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Drummond B lathe

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wallace

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I recently aquired a rough little B lathe. I'm struggling with the change wheels. The old guy that had it said he had never used it for screw cutting. I dont know how the wheels should be arranged to provide a slow motion when the feed is actuated. When I press the feed lever it goes to the right.
I had a look on the drummond group which is a horrible place to navigate.





 

Stanleymonkey

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Do you have a box of spare cogs and gears that came with it?

Are you able to turn it by hand and drive the cogs and gears - I only ask because assembling a gear chain and firing up the mains motor is going to be a risky process if you have it wrong.
 

Stanleymonkey

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I have a different type of Drummond and it is a treadle drive. I will try an photograph the gears set up later and the sizes of the additional gears that came with it.
 

wallace

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I got some advice from the guys on the drummond group. Apparently the previous owner was a mad man or genious.
He has the drive coming off the back gear and has modified the apron to give handwheel feed via an added on rack and a solid nut instead of a split nut
 

MusicMan

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Wallace,

There is a basic methodology for selecting drive gears. I have an old Boley with no instruction manual. Here is the spreadsheet I constructed to select the ratios for any feed (PDF copy sorry as spreadsheet files aren't accepted). If you have a 127 tooth gear you can cut either Imperial or Metric pitches with no compromise (if you don't, you can't). The example here is for an Imperial leadscrew for which you put the 127 gear as a DRIVEN gear, preferably the last in the chain, in order to get metric threads from an Imperial leadscrew.

The first thing you need is the leadscrew pitch. Just measure it, probably a threads-per-inch pitch for a Drummond. Then list the number of teeth in the gears that you actually have in your pile.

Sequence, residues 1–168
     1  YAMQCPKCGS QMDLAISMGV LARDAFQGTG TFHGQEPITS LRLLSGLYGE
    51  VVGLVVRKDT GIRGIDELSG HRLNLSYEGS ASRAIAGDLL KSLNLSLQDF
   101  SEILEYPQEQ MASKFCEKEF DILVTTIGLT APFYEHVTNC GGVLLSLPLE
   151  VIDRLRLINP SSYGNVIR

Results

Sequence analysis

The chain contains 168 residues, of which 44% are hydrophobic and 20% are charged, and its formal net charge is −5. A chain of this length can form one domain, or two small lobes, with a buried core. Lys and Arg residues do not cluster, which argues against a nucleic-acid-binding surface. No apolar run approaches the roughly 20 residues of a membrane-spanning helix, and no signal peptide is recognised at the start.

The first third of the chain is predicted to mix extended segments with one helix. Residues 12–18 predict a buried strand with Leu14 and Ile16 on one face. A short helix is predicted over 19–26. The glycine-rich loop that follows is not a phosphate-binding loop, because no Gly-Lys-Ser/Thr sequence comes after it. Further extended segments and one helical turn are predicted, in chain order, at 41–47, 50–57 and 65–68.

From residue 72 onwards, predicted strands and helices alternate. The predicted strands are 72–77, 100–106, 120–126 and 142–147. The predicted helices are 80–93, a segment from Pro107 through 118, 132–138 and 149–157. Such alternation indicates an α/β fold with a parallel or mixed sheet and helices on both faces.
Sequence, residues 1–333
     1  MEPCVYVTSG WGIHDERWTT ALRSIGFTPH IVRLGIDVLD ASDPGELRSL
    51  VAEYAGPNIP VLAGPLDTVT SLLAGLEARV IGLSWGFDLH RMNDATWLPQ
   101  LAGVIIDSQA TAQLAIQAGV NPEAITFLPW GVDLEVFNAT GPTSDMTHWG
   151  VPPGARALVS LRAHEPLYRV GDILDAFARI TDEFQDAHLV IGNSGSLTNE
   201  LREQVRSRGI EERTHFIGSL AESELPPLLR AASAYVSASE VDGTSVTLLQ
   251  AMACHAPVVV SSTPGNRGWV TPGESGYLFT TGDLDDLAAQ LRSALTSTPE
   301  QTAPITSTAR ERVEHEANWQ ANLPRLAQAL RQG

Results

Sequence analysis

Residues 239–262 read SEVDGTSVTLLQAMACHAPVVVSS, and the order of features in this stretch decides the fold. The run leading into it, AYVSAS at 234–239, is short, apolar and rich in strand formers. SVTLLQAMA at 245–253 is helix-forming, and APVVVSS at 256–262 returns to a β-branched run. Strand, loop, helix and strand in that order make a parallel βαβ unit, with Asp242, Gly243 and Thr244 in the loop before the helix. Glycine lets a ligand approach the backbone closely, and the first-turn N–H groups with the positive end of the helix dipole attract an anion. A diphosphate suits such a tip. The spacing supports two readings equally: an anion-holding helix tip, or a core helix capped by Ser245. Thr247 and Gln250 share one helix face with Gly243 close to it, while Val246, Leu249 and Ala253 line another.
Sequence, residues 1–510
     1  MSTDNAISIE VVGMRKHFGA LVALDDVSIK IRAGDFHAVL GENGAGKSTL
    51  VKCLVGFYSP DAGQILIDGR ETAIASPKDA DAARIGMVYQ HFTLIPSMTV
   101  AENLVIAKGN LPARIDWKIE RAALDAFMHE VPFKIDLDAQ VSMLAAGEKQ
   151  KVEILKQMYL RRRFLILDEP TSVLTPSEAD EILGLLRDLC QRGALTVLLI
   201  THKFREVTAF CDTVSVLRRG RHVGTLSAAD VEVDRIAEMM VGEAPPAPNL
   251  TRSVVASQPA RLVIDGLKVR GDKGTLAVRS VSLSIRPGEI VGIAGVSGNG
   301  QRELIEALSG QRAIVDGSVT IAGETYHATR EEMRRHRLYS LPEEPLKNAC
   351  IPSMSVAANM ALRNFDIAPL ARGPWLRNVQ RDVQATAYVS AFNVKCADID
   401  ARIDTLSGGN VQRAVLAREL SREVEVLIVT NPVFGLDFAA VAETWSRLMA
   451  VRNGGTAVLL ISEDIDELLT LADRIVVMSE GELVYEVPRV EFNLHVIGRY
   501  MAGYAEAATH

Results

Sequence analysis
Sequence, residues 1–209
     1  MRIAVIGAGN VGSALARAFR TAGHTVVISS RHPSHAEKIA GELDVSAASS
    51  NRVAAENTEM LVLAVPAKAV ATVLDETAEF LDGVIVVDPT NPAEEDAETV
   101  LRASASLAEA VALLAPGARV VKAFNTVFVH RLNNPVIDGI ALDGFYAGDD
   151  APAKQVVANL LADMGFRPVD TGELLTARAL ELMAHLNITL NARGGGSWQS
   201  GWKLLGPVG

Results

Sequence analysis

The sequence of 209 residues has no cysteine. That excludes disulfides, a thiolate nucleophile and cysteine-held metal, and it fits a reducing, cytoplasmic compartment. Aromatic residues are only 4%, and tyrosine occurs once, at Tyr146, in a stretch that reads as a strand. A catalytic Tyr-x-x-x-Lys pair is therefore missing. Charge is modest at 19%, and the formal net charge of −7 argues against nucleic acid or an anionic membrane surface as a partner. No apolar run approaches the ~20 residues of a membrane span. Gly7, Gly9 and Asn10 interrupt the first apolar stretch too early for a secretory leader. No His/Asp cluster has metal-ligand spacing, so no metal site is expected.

The next is the first two gears in the train. Since you mention that the drive is off the back gear, you will have an extra two gears on the left of the spreadsheet, which will be the back gear ratio, something like 1:4 (the numbers don't matter, could be 25 and 100 for example.
Then you add the gears in the order in which they engage, the first one of each pair being the DRIVING gear the second the DRIVEN gear.

The ratio column is optional, just might help in fiddling around to get ratios.

After the back gear, there will be a driving gear (1 in my table) which must mesh with the next driven gear (2). The latter is on a shaft that cn slide along the banjo. The banjo can also rotate to bring the two gears into mesh. Then there will be another gear on the same shaft as gear 2, which will be gear 3, the next driven gear. This in turn can be made to mesh with gear 4, the final driven gear. There is always a banjo that can be rotated, or a slide to translate the shaft, so that the gears can be made to mesh.

The final column will be the thread pitch (mm in the metric table, TPI in the Imperial). This is exactly the same as the the feed pitch when turning a cylinder.

That's it. There's no great magic in selecting the gear pairs and often there are several combinations that will work. In general choose the combo that has fewer teeth on the driving gear and more teeth on the driven gear where possible. Some combinations might be excluded because of other bits of the lather or the shielding getting in the way.

PM me your address if you'd like a copy of the spreadsheet in xlsx format. If you aren't comfortable with spreadsheets, if you send me all the numbers of teeth on the gears you have, the leadscrew pitch and the back gear ratio I'll be happy to construct the table for you.

Keith
 

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wallace

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Keith thanks very much for all of that, I think it will be a while before I've reached the level to be doing threads. The lathe seems to be set up to cut a left hand thread. The tail stock quill is rusted solid so it needs some tlc
 

clogs

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Wallace
there a couple of soft back books regarding setting and using metal lathes....
I canot rememeber the auther but he also did books on screwcutting , milling etc.....mine are packed somewhere....
they were excellant for ref.....
as said go to modelengineer forum...very good for everything metal...also ask about the books, someone will know....
happy days with ur lathe....
 

OldWood